Cold Storage for Business: A Stock Trader’s Guide to Launching the Covid Vaccine

As Covid-19 vaccines begin to receive emergency approvals, the race begins to distribute the one product billions of people around the world will want. That is creating investment opportunities as traders examine the companies involved in the global launch.

With multiple types of vaccines, supply chains involve hundreds of companies, from airlines to manufacturers of freezers, vials and disposable needles, and thousands of employees working to get injections from laboratories to the arms of populations around the world. .

The world has never seen a distribution puzzle of this type: it has been called “the largest and most complex logistics exercise in history.” Each of the vaccines approaching approval presents different challenges, from the ultracold chain required for the Pfizer Inc. and BioNTech SE vaccine to the more mundane but equally challenging difficulties in sourcing vaccines like AstraZeneca Plc’s across the developing world. Here are some of the sectors and companies targeted by marketers for their roles in the global vaccine launch:

Cold storage

All vaccine candidates require some degree of cooling, and the Pfizer injection should be stored at around minus 70 degrees Celsius (minus 94 degrees Fahrenheit).

That “will be demanding but not insurmountable in developed markets,” analysts at HSBC Holdings Plc wrote in a report last month. “The provision of cold storage facilities will be critical factors.”

That has made freezers one of the best bets. In South Korea, freezer makers Daihan Scientific Co. and IlShinbiobase Co. are up more than 350% this year, increasing on Tuesday after the government announced it had secured 44 million doses. Japanese consumer electronics and freezer box maker Twinbird Corp. has soared more than 300% this year, while in India, Snowman Logistics Ltd. is up 52%.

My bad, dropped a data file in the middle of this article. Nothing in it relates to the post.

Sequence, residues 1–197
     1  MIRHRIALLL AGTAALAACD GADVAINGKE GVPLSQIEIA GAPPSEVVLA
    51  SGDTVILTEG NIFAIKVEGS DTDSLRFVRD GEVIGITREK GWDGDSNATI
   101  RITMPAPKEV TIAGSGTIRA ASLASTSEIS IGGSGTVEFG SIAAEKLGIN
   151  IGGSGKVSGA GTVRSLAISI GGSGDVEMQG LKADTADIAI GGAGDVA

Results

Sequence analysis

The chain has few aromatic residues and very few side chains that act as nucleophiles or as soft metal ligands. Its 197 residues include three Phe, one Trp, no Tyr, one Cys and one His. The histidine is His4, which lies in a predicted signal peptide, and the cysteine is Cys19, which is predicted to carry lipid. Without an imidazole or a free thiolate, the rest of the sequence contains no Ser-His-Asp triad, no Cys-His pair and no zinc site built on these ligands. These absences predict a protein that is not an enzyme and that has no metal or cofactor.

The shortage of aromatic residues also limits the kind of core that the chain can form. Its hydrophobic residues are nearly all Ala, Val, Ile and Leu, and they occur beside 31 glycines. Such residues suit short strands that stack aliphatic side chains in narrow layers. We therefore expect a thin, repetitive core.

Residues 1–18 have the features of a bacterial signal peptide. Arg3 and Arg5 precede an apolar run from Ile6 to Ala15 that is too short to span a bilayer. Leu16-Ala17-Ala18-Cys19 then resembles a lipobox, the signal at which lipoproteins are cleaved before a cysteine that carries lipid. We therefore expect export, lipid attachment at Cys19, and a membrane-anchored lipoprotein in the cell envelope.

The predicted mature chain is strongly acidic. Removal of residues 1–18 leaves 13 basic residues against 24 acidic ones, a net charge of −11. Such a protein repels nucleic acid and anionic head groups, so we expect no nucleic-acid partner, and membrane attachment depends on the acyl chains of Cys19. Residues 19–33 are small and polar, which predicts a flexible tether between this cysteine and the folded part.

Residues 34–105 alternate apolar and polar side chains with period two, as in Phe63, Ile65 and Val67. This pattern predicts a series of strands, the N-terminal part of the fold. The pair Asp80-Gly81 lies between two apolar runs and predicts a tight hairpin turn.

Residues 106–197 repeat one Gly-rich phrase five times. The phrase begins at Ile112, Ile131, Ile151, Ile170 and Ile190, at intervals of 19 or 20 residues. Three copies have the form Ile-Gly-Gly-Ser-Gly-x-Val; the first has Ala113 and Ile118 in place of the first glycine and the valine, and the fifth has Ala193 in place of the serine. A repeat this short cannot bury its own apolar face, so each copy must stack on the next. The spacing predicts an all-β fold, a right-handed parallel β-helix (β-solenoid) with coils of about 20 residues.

Germany’s Va-Q-tec AG has risen 195% in 2020 amid a deal to provide insulated containers for vaccines for a “leading global manufacturer of pharmaceuticals” it did not identify.

In the United States, Trane Technologies Inc. is up 36% this year, while Carrier Global Corp. has more than tripled since listing on the New York Stock Exchange in March. The two are “well positioned to benefit from vaccine-driven cold chain demand,” wrote a team of analysts from Citigroup Inc. on December 3.

Cold Storage for Business: A Stock Trader's Guide to Launching the Covid Vaccine


It’s not just about keeping them cool – moving the jacks is a huge task too. FedEx Corp. and United Parcel Service Inc. are adding refrigerated trucks and facilities, though the two are already struggling to keep up with a surge in demand for deliveries and it is not yet clear how long these cold chains will take.

HSBC also expects Turkish Airlines, Air France-KLM, Deutsche Lufthansa AG and Gulf airlines to be “highly involved” in the distribution chain, maintaining an already thriving cargo business, but cautioned that it would not be enough to overcome losses from passengers in the troubled airline business.

Getting the vaccine in the last mile could also boost demand from truck makers Paccar Inc., Navistar International Corp. and CNH Industrial NV, as well as engine supplier Cummins Inc., analysts at UBS Group AG wrote.